Other Forms of Sex Trade Involving Women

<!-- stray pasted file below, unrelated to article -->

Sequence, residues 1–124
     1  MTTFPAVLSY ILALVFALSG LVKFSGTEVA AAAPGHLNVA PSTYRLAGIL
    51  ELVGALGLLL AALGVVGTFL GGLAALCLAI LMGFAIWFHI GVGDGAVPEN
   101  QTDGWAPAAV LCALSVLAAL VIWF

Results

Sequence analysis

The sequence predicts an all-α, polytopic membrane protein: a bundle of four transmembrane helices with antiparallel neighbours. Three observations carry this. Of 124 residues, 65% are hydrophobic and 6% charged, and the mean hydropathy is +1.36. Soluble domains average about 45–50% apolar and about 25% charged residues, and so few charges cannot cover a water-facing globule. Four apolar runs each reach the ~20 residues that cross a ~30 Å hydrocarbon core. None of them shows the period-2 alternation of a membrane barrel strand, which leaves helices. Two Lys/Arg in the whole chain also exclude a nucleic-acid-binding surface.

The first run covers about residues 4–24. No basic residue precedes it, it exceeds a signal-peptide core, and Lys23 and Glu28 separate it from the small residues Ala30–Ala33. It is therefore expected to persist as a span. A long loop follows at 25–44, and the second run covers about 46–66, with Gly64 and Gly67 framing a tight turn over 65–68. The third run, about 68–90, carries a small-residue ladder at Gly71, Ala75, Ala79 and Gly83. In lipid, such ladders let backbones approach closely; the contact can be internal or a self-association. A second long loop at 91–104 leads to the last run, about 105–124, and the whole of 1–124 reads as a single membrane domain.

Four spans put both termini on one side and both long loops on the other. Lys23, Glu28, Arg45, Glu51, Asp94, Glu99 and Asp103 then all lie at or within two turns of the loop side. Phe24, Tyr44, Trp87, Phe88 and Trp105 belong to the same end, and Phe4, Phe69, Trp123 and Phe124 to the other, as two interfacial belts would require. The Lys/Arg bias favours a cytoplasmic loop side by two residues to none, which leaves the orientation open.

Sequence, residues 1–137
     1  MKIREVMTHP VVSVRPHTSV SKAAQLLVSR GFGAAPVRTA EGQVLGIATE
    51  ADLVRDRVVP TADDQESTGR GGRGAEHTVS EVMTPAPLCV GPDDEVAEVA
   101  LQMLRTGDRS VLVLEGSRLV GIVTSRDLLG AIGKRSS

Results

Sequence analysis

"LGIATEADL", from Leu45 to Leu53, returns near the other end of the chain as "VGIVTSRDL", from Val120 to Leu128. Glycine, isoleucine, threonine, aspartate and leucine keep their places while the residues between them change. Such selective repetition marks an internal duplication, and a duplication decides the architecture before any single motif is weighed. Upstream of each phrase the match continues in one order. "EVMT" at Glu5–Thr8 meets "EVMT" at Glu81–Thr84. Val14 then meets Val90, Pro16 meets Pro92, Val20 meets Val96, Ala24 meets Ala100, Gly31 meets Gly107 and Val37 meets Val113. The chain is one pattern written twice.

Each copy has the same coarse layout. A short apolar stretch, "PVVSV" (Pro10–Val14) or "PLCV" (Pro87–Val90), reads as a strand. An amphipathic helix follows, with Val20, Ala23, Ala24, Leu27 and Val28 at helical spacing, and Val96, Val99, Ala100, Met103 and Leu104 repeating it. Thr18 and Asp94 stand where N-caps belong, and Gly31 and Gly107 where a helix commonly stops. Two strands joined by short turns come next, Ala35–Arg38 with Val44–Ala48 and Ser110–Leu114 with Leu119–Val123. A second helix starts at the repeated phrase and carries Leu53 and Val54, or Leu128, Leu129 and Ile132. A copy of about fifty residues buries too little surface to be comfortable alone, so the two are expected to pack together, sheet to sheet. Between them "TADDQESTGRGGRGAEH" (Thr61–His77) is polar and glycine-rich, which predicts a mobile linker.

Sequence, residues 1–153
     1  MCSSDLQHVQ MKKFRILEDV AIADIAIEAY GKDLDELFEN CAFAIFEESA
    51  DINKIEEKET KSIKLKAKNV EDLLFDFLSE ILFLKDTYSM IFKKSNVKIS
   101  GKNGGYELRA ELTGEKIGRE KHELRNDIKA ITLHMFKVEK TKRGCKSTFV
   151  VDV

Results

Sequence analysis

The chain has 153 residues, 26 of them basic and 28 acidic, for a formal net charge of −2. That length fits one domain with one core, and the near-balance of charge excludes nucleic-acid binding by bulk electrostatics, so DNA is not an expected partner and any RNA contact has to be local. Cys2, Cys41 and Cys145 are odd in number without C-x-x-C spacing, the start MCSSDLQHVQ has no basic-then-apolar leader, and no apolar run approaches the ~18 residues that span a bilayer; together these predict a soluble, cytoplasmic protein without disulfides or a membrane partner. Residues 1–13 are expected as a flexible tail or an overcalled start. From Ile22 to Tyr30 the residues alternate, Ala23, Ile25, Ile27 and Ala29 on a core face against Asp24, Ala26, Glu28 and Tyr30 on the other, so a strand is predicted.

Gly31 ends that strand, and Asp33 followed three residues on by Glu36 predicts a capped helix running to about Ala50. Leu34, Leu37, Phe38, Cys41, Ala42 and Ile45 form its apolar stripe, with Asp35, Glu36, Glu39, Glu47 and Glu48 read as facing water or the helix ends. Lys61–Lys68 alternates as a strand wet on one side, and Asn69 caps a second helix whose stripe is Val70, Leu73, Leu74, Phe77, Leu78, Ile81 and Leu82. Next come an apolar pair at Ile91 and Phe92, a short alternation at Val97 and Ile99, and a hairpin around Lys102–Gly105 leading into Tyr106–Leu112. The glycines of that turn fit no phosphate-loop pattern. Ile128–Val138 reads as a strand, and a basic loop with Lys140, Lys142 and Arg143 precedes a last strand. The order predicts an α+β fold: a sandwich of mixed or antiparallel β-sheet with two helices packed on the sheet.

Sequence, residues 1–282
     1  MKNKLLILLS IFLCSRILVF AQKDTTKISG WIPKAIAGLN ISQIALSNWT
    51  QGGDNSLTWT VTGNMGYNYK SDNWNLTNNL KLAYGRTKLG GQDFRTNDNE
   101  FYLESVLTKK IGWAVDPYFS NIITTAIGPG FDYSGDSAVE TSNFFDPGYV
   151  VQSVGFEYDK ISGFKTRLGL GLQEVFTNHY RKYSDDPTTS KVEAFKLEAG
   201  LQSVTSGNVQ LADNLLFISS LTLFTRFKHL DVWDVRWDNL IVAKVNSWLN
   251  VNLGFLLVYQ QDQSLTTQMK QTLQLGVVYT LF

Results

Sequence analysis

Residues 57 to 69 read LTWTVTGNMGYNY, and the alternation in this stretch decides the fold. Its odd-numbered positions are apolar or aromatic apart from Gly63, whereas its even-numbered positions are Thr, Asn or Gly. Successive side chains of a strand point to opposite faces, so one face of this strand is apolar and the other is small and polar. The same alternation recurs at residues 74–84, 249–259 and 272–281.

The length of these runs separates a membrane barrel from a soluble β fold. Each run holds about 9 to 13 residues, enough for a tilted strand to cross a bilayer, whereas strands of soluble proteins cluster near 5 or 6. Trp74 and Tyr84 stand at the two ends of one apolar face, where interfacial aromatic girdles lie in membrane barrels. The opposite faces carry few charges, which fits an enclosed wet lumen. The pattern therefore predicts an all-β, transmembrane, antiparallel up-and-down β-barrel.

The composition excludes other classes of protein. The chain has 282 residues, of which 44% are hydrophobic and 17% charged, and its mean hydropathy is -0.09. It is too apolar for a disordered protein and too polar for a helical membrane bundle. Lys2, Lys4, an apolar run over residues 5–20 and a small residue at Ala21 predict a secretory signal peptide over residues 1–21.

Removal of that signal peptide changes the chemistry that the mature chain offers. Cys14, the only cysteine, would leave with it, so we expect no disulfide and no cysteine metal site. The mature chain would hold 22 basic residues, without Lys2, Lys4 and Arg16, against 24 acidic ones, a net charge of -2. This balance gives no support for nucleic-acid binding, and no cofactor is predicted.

Sex trade as a commercialization of sex is not only confined in prostitution and sex trafficking activities. Most often, women and girls are coerced into pornography for economic gain both of the victim and the perpetrator. In 2007, it is estimated that the adult industry is worth around $60 billion. As observed by Sarikakis and Shaukat, “pornography industry is a most successful global media industry: its products have a universal appeal; increasing demand fuels an innovative and intensified means of supply; its cost-effective production mode makes it versatile, tapping into new resources around the world; it addresses the needs and caters to the interests of a wide range of consumer groups; it is a fierce adopter of new technologies, has a most efficient distribution system, boasts staggering income figures and is increasingly gaining political clout in various regions across the world”. In the modern society, pornography has successfully infiltrated other mediums such as the media and the online community. As observed, “In today’s era of webcams and chat rooms, the lines between interactive pornography and virtual prostitution websites have been blurred”. Several types of pornographic activities have been observed that utilized women as the object of abuse. Most often, women who are lured into prostitution are also engaged in the making of pornographic materials. On the other hand, other women are unaware that they are being lured into pornography. With the advent of advanced communication technologies, the level of pornography has also become sophisticated. Unsuspecting teens, for example, are initially being lured into friendly conversation. Eventually, through seduction and sexually provocative conversations, women, especially the young ones, become willing participants.